Skin-worn reader prototype for continuous oxygen monitoring
The skin-worn reader was developed in record time, in four months, at NextFlex’s research center and fab in San Jose, California, since the facility and the team combine expertise in flexible hybrid electronics, engineering, materials science, and optics all reside under one roof.
Profusa

Skin-worn reader prototype for continuous oxygen monitoring

Developed in only four months at the NextFlex facility in San Jose, Profusa reader works with hydrogel sensor injected under the skin.

Subscribe

A reader worn on the skin and working in conjunction with an injected hydrogel sensor for real-time oxygen monitoring in tissue, unveiled last month at the FLEX 2019 conference, was developed by integrated biosensor maker Profusa and NextFlex, America’s Flexible Hybrid Electronics (FHE) Manufacturing Institute.

The Lumee Oxygen Platform is intended for use in patients with potential acute and/or chronic changes in tissue oxygen levels who may benefit from continuous monitoring. The injectable hydrogel sensor is currently CE Marked in Europe and it is not yet commercially available elsewhere.

“Ten years ago, you couldn’t build a reader that could sense multiple signals and filter out the ‘noise’ of the body’s other signals, all while being small and skin-worn,” says Ben Hwang, CEO of Profusa. “With the latest advancements in flexible hybrid electronics technology, it’s just mature enough to work the way we want – primarily because we selected the right domain expertise partner to work with, namely NextFlex. Rather than managing development across multiple R&D and manufacturing facilities, we found a single place at NextFlex’s Technology Hub, where we could develop our solution in very short time and have the right conversations to move our reader design toward production at scale.”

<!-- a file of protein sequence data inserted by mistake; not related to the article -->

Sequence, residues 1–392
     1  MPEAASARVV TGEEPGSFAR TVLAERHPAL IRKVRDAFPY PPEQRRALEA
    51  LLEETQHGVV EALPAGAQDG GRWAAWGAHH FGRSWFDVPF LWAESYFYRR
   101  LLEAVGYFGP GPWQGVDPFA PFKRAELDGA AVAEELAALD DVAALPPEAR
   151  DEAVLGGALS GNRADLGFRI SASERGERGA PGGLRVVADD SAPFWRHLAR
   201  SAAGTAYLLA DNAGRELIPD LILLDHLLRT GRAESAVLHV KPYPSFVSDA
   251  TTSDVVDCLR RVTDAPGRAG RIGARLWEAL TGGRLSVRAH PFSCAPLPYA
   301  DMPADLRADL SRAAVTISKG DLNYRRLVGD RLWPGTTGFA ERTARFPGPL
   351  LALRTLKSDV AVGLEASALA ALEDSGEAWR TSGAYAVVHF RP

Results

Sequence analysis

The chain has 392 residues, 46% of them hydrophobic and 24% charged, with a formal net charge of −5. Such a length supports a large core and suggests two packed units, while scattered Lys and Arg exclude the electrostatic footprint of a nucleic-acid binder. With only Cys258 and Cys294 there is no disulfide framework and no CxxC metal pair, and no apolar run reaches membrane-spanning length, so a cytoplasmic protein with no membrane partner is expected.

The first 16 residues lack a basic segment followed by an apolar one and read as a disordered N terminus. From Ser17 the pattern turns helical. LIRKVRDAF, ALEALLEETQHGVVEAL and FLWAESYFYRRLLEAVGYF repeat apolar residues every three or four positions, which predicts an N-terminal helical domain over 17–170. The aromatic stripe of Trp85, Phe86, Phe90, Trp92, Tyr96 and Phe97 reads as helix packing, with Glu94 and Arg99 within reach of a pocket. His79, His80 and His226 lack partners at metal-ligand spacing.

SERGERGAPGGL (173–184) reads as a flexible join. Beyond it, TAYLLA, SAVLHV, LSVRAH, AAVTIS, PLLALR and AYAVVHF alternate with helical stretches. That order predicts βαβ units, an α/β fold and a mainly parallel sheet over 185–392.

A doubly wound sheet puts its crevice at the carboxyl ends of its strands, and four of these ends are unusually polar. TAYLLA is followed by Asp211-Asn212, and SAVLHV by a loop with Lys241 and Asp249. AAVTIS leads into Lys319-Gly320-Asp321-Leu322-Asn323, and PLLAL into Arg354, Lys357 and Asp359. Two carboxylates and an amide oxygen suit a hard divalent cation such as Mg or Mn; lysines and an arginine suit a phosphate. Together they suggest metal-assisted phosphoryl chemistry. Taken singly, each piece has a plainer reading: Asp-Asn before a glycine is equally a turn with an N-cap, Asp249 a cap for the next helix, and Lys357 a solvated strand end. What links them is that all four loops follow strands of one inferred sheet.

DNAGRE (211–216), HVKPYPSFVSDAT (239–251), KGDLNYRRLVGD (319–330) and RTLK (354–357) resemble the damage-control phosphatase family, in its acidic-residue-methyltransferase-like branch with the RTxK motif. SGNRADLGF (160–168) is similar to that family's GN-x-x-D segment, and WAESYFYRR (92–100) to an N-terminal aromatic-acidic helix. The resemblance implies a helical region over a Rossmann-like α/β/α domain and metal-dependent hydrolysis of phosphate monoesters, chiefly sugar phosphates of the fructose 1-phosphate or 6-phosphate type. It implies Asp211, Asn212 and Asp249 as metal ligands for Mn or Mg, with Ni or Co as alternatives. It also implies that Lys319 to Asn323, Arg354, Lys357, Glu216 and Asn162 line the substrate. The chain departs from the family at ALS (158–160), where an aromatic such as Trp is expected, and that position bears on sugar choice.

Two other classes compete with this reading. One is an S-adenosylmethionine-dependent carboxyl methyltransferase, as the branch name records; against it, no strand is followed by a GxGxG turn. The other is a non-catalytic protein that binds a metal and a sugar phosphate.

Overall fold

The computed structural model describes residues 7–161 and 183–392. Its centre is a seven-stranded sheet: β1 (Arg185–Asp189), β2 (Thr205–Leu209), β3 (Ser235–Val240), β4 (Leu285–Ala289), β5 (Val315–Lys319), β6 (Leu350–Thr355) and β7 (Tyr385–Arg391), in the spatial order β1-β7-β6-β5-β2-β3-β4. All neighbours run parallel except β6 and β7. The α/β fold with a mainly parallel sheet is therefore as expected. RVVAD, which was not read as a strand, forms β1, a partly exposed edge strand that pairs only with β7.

The skin-worn reader was developed in record time, in four months, at NextFlex’s research center and fab in San Jose, California, since the facility and the team combine expertise in flexible hybrid electronics, engineering, materials science, and optics all reside under one roof. NextFlex has taken Profusa’s design work and criteria, and pushed them toward a smaller, flexible reality that works in harmony with Profusa’s tissue sensors. With this stage completed and other medical devices in the pipeline, NextFlex is engaged in the application for FDA approval for medical device manufacturing.

“We’ve been able to take technology that could previously only be deployed in a hospital setting and move toward having a device with clinical-grade information in a wearable and flexible form that’s attractive to consumers, like Profusa’s skin-worn reader for tissue oxygen monitoring,” said Wilfried Bair, NextFlex vice president of engineering. “This reflects the accelerated adoption of wireless and flexible hybrid electronics technologies in the digital health era, with wearable devices that generate data that medical doctors and consumers can get the most out of.”